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The 'Copernicus' of Global Warming

Joseph Fourier (1768 — 1830), the 'Copernicus' of global warming.

Bite Notes: Joseph Fourier was the first person to propose that the Earth's atmosphere might act as an insulator of some kind. Consequently, he is is widely recognized as the discoverer of what is now known as 'the greenhouse effect'. Some 30 years later (1864), John Tyndall used scientific experimentation to prove that Fourier was right.

Almost 300 years earlier (1532), Nicolaus Copernicus had first proposed that the Earth and other planets travelled round the sun (heliocentrism). This went against the Catholic church's view of the time and Copernicus' theory was not published until he was on his deathbed.

In 1610, Galileo championed and developed Copernicus' theory and suffered persecution for what was considered a heretical view.


Comment: Many sceptics like to see their views as paralleling those of Copernicus and Gallileo, ranged against the consensus of the day. However, unfortunately (for sceptics) it was Fourier and Tyndall who were the Copernicus and Gallileo of global warming. Over the last 180 years  'the greenhouse effect' has been confirmed by numerous lines of scientific evidence which confirm the theory.

Today it's the scientific consensus that Earth's atmosphere regulates temperatures on the planet—just as it's now the scientific consensus that the planets of the solar system orbit the sun. Members of the general public and the few climate scientists (around 1%*) who are sceptical of global warming are the equivalent of the people who fought Copernicus' view and persecuted Gallileo for the rest of his life.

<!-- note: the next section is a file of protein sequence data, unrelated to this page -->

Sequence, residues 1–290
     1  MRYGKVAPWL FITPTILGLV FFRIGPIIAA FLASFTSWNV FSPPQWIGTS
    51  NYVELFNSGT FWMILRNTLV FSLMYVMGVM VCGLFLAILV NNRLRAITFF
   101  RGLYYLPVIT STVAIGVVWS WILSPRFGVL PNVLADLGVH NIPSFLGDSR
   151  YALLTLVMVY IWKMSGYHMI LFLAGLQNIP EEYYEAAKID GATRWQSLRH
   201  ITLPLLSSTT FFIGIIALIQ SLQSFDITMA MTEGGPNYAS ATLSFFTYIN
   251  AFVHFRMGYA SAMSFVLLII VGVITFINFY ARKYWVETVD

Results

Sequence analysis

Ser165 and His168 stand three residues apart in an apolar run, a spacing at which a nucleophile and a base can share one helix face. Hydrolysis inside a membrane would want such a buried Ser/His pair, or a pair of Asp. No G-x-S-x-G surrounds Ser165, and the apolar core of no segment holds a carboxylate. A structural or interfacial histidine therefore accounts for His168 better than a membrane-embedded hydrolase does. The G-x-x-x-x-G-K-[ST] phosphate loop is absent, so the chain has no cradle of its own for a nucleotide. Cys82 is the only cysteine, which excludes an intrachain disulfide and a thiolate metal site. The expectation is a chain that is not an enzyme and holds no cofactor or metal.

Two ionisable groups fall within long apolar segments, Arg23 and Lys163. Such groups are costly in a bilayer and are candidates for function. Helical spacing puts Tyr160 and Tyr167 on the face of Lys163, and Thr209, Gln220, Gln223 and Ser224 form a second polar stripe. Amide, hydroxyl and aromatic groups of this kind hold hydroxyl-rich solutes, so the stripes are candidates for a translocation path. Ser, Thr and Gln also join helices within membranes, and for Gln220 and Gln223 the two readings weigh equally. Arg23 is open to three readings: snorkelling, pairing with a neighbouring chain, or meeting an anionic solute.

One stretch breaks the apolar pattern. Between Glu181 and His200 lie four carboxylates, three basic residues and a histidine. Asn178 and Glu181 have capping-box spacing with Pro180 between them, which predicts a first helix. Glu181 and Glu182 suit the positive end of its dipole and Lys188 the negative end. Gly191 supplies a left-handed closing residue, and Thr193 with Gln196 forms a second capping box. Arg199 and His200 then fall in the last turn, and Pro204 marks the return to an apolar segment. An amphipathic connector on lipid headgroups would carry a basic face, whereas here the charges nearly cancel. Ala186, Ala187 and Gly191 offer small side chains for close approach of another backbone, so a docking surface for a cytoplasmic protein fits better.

[*Research shows that 97% of climate scientists agree that human activities are causing climate change, 2% are 'don't knows' — which leaves only 1% of climate scientists as sceptics.]


Image Source: Wikijunior

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Bite Details

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byTom Smerling

September 3, 2011

1 of 1 people found this review helpful
Some would say that Guy Callendar's lonely stand -- in the 1930's -- against the prevailing scientific consensus at the time was climate science's "Galileo moment." As extensive research in the 40's, 50's and 60's produced more data, other scientists gradually came around and a new consensus formed.

In any event, the main thing that distinguished Galileo from the Church -- and, today, climate scientists from the skeptics -- is empiricism. Galileo drew conclusions from actual observations rather than starting with a priori truths (drawn the bible, the Greeks, etc.).

Today's climate scientists, following in Galileo's path, simply follow the evidence wherever it leads. Most climate skeptics, like the Church, seem to start with a pre-drawn conclusion -- "human-caused warming must be false, because we hate the solutions" -- then search for evidence to build their case.
byJohn Russell

September 3, 2011

1 of 1 people found this review helpful
I was having an internet argument the other day about fossil oil. I explained my view that we had reached the end of 'easy' oil and from now on the price of oil would rocket as demand outstrips supply. His assertion was that because so many important things are made of oil—from plastics to fertilisers—we just couldn't run out of it, it was just too important. My retort was that just because something is unthinkable does not make it impossible.

When challenged by something 'too horrible to contemplate' many people seem to turn to denial as a defence mechanism.
byMarc Hudson

September 18, 2011

1 of 1 people found this review helpful
I think we need to remember that the history of science is a pretty minority interest, sadly...

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